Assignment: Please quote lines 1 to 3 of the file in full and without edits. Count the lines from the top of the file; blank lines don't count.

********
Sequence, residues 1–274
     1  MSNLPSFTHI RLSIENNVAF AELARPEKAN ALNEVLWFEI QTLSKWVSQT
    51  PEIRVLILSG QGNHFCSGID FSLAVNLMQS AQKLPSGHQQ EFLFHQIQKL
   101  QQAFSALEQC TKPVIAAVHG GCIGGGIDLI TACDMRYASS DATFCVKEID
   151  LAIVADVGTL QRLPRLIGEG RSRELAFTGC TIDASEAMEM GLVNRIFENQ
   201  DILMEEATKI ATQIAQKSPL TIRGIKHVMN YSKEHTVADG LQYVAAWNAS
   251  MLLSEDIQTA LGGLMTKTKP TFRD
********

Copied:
Sequence, residues 1–274
     1  MSNLPSFTHI RLSIENNVAF AELARPEKAN ALNEVLWFEI QTLSKWVSQT
    51  PEIRVLILSG QGNHFCSGID FSLAVNLMQS AQKLPSGHQQ EFLFHQIQKL